• Wire Fraud - New Payment Information - your business receives new payment instructions from an existing vendor relationship either via fax or email, then your authorized online banking user updates the information in the online banking system to send wire payments to the vendor.  Your users send a wire and validate the information with the bank.  Later, your business learns that the new payment information was fraudulent.  
  • Wire Fraud - Deposit Check, Send Funds - your business is contacted by a new or potentially new customer.  You begin the process of working with the customer to sell your goods or services.  The customer sends  you a check for the amount of proposal.  You deposit the check into your bank account.  However, at some time before fulfillment, the customer changes their mind and asks to only fulfill a lesser amount of your goods or services.  They then request a wire for the excess funds, returning only a portion of the original amount.  Later, your business is notified that the original check has come back returned insufficient or account closed, but you have already sent the wire. 

The best way to protect your business is to verify all payment instructions with a call back to the vendor contact before entering into the online system, and waiting at least 10-15 days for a refund of any amount to a customer especially if the original payment was a check deposit.

If you suspect that your business may have been targeted by any of these schemes, please contact your banker or branch immediately.  We recommend closing  your account to stop any additional fraud attempts.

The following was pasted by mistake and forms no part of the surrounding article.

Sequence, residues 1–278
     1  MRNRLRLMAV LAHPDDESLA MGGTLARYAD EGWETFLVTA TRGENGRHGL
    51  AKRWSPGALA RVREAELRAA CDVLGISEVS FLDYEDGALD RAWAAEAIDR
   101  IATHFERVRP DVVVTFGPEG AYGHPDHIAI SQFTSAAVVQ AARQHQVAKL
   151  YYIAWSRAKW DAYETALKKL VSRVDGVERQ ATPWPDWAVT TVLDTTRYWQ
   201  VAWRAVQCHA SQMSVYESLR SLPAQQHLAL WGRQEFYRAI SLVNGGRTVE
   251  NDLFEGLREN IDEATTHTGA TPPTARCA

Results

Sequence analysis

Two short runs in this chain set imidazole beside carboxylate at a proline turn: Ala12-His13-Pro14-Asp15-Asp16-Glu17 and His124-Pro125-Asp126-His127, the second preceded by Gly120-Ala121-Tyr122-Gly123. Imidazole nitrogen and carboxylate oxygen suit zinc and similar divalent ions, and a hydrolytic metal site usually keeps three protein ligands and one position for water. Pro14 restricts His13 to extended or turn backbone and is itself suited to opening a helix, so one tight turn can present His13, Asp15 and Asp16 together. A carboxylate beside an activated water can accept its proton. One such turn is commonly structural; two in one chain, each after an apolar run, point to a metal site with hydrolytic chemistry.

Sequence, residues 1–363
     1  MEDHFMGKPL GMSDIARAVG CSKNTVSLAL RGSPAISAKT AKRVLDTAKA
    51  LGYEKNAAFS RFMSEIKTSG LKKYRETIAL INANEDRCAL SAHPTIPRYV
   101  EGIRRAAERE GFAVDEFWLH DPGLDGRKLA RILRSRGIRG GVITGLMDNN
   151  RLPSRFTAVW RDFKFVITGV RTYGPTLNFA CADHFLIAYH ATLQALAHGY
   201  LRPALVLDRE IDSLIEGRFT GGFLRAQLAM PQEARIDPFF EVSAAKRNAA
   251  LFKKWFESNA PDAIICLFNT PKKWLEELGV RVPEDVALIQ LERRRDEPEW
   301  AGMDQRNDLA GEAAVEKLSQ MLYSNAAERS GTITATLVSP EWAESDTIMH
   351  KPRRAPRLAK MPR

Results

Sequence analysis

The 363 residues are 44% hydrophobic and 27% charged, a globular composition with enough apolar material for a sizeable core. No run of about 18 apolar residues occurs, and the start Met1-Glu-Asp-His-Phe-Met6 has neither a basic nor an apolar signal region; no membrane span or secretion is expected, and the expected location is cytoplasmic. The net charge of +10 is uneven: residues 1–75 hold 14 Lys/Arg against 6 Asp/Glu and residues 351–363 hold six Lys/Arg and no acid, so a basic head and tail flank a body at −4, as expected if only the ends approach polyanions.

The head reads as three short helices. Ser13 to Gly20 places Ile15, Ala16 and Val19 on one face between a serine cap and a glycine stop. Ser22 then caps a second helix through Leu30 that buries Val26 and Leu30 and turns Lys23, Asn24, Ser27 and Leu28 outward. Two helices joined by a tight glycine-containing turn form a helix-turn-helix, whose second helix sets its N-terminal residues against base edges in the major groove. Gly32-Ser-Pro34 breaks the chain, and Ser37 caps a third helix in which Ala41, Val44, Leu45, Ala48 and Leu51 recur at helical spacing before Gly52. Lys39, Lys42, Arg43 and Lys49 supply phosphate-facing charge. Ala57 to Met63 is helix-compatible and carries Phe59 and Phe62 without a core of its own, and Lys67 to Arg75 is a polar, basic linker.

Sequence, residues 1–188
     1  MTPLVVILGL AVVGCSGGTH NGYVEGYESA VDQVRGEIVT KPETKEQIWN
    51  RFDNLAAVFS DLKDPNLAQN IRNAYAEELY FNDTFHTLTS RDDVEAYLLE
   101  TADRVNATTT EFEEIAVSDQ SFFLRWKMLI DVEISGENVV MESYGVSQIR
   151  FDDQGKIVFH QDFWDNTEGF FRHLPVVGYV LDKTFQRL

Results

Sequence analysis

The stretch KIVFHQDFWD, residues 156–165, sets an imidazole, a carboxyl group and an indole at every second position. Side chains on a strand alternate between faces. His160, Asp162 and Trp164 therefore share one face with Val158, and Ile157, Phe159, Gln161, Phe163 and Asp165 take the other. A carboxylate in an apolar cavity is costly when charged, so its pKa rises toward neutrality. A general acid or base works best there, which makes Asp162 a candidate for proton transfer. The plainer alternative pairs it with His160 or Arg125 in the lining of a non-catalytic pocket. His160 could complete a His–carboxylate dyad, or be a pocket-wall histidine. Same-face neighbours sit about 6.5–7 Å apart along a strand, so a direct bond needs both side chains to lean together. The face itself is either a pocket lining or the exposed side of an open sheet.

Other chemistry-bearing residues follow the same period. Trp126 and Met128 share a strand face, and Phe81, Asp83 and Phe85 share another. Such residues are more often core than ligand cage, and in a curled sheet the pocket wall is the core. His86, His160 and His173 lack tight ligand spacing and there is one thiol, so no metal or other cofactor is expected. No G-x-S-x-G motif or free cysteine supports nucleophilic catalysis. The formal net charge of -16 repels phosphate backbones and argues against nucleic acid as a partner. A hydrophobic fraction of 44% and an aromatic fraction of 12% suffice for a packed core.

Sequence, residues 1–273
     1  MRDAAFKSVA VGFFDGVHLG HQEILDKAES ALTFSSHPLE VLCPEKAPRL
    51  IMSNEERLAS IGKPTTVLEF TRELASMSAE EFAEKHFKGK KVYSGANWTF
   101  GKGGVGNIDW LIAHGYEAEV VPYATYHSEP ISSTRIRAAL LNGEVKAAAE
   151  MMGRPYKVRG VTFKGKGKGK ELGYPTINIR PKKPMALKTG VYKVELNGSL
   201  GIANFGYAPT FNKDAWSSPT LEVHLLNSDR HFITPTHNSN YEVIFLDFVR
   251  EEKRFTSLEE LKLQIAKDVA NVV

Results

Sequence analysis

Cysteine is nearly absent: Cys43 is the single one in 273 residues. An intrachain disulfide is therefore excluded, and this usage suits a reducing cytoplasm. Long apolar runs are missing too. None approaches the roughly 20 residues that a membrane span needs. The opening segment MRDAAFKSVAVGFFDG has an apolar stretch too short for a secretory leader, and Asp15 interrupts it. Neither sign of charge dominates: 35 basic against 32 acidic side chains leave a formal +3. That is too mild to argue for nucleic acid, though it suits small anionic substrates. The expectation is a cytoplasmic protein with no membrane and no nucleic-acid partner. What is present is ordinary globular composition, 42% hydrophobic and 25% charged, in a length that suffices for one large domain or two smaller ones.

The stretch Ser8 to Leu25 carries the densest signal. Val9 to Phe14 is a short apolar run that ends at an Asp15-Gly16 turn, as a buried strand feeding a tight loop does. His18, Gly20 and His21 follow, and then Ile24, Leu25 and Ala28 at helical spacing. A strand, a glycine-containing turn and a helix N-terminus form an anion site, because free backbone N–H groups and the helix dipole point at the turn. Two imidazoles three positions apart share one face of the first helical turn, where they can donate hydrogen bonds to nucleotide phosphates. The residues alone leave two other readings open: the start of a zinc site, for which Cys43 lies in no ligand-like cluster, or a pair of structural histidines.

FDIC Consumer News

The FDIC has issued a warning of 10 scams being used to target bank customers.  Learn more about how you can protect your personal information and your money. 

Homeland Security

Stop. Think. Connect.

Homeland Security has provided a great toolkit called Stop. Think. Connect.  It's full of important resources for both businesses and individuals. Take a look and learn how to protect yourself from today's cyber criminals.
Business Email Compromise

The Federal Bureau of Investigation issued a Public Service Announcement entitled BUSINESS E-MAIL COMPROMISE: THE 3.1 BILLION DOLLAR SCAM. You can see the PSA Video here.

FBI Video

FBI officials are warning potential victims of a dramatic rise in the business e-mail compromise scam or “B.E.C.,” a scheme that targets businesses and has resulted in massive financial losses in Phoenix and other cities.

The schemers go to great lengths to spoof company e-mail or use social engineering to assume the identity of the CEO, a company attorney, or trusted vendor. They research employees who manage money and use language specific to the company they are targeting, then they request a wire fraud transfer using dollar amounts that lend legitimacy.

There are various versions of the scams. Victims range from large corporations to tech companies to small businesses to non-profit organizations. Many times, the fraud targets businesses that work with foreign suppliers or regularly perform wire transfer payments.

Equifax Data Breach

For more steps you can take to protect yourself and your credit, read more from the Consumer Financial Protection Bureau.

Identity Theft Protection after Breach

Security Threats

Identity Theft

Protect your Business

Fraud Information

Check your Credit Report Annually